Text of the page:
PSU Joins in National Suicide Prevention Effort

October 22nd, 2012 by blyndes

Plymouth, N.H. –Which public health threat causes the most deaths in young people every year? It’s not cancer, heart disease, AIDS or birth defects; suicide among people under the age of 25 claims more lives than all of those diseases, combined.  The epidemic of young people taking their own lives is a crisis, and Plymouth State University is joining forces with federal and state agencies to prevent any more suicide tragedies.

Plymouth State University has been awarded a three-year Garrett Lee Smith Campus Suicide Prevention Grant of $278,00 by the U.S. Substance Abuse and Mental Health Services Administration.

Plymouth State University has been awarded a three-year Garrett Lee Smith Campus Suicide Prevention Grant of $278,000 by the U.S. Substance Abuse and Mental Health Services Administration (SAMHSA), Delilah Smith, director of PSU’s Sexuality, Anti-Violence Gender and Equality (S.A.G.E.) center announced today.

Funding provided by the grant will provide resources for Plymouth State University to assemble a Suicide Prevention Advisory Board comprised of campus and community partners to increase mental health awareness, implement evidence-based trainings for faculty, staff, students while educating the campus community on how to help someone in need of support and where to send them when they need help.

“Suicide is the second leading cause of death for college students,” Smith said. With this grant, we hope to utilize national, state and local resources to enhance infrastructure, strengthen a climate of help-seeking, reduced stigma and increase the skills and capacity for responding to students at risk for suicide.”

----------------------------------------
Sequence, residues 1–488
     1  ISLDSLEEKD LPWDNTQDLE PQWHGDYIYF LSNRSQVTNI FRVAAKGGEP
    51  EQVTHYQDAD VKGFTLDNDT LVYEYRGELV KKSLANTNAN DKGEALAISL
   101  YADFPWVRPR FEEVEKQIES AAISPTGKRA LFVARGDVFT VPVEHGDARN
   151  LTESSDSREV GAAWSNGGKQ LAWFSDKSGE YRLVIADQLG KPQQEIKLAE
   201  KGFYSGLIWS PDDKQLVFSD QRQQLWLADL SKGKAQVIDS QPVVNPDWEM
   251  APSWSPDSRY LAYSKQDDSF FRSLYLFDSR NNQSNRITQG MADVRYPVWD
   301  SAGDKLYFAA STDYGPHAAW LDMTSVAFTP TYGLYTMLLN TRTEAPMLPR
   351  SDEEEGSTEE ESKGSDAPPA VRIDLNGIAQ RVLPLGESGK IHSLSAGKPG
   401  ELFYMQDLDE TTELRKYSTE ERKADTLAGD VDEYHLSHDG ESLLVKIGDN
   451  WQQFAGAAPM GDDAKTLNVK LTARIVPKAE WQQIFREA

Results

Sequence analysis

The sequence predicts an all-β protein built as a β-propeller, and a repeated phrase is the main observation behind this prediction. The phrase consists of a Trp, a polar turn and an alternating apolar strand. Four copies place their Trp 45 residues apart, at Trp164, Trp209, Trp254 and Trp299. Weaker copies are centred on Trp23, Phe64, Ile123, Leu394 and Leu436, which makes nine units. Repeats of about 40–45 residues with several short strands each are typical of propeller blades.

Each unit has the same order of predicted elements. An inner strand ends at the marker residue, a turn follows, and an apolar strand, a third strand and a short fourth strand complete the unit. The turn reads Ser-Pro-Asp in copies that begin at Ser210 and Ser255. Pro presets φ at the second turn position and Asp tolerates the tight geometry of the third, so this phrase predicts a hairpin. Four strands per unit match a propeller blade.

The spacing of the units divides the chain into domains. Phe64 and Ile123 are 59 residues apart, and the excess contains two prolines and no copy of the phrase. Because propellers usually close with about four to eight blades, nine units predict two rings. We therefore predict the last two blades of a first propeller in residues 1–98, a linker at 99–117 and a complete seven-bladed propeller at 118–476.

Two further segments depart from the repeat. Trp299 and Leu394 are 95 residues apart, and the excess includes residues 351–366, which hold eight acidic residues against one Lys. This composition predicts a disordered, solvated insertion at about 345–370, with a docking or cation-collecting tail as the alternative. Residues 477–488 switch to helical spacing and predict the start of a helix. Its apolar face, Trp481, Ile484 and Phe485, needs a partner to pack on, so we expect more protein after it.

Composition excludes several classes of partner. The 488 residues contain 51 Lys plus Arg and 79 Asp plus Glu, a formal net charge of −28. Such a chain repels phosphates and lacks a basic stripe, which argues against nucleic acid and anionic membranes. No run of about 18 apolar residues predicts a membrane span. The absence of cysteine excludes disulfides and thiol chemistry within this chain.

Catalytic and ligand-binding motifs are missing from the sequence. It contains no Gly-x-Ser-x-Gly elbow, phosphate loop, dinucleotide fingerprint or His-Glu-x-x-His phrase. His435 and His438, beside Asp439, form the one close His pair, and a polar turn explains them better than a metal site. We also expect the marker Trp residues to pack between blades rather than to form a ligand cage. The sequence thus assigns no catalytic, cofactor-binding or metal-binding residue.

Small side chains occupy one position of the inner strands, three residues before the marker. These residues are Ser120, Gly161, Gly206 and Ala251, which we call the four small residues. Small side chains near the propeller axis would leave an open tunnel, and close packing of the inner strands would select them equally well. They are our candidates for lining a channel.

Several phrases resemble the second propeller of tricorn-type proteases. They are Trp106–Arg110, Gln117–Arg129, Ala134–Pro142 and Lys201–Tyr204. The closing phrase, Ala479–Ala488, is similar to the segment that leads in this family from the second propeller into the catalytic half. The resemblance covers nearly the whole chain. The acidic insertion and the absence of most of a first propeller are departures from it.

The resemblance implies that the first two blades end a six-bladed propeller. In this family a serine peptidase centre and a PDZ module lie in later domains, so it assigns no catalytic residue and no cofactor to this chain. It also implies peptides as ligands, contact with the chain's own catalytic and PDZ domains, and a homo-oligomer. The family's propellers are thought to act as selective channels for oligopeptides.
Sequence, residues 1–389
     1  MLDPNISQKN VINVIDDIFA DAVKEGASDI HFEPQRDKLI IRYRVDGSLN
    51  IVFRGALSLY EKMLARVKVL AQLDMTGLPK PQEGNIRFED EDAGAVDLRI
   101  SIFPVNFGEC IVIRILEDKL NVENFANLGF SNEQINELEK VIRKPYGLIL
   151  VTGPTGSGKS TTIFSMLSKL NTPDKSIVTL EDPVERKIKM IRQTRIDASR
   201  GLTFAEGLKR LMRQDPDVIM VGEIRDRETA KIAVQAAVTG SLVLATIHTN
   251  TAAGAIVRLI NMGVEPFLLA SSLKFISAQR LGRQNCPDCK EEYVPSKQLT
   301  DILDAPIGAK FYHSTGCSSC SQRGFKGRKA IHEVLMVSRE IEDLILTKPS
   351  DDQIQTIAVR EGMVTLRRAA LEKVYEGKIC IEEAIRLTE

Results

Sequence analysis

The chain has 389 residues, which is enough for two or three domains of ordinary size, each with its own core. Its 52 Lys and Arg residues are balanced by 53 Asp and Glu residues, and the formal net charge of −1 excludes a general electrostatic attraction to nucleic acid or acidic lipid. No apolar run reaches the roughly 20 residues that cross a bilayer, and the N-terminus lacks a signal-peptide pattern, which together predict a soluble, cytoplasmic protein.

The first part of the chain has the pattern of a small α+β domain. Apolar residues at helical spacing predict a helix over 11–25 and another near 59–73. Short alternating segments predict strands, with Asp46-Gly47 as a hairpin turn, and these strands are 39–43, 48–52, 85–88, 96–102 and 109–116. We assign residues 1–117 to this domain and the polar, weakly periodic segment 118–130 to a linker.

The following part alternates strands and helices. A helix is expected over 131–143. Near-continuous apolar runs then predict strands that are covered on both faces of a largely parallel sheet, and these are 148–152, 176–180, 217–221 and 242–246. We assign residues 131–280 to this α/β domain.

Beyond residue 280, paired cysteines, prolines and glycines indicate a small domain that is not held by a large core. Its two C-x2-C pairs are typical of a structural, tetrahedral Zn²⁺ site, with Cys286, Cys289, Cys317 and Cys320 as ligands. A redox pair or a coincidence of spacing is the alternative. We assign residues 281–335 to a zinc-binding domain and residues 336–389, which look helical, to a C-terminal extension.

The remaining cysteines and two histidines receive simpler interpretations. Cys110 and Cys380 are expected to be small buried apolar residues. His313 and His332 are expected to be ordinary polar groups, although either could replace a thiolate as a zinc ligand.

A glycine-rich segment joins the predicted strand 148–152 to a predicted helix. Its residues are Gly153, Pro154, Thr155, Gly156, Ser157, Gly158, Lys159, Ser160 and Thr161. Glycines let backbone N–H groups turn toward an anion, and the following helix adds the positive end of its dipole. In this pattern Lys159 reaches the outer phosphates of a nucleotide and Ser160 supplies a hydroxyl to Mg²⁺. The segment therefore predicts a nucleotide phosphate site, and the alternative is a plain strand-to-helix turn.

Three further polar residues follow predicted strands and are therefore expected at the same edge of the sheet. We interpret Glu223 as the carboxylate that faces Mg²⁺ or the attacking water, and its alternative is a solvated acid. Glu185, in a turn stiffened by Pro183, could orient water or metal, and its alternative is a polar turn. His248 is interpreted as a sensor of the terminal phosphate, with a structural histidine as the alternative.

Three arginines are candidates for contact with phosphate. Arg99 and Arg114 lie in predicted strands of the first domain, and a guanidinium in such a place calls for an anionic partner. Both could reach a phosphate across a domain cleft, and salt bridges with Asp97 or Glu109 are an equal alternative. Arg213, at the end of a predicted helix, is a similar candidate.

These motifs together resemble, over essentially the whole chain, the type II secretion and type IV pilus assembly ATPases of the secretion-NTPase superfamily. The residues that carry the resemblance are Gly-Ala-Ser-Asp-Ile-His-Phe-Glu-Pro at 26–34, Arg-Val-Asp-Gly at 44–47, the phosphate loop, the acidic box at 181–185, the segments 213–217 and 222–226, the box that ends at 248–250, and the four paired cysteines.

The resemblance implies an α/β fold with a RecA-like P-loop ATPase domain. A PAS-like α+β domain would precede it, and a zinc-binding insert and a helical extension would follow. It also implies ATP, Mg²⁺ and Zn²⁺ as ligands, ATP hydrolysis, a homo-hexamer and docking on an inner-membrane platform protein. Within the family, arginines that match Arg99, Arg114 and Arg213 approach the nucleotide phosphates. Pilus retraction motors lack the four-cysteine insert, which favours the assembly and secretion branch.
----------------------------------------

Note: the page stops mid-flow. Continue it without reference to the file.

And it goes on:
The prevention activities will also have a special focus on those student groups who have been shown to be at increased risk of suicide, including gay, lesbian, bisexuals, and transgender students; veterans and military members; and students from rural backgrounds. Integrating the resources from the National Alliance for Mental Illness (NAMI) NH’s Connect Project; PSU’s TIGER (Theatre Integrating Guidance Education and Responsibility) program; and on and off-campus providers into a comprehensive approach that actively encourages stigma reduction and help seeking behaviors, reinforced by consistent, sustained best practices for suicide prevention and postvention to support all students.

“I want thank each of the partners that provided support and assistance with our application,” said Smith. “We look forward to collaborating with our many campus and community organizations as we begin planning and implementing our comprehensive suicide prevention efforts.”

For more information about this release, contact Bruce Lyndes, PSU Media Relations Mgr., (603) 535-2775 or blyndes@plymouth.edu

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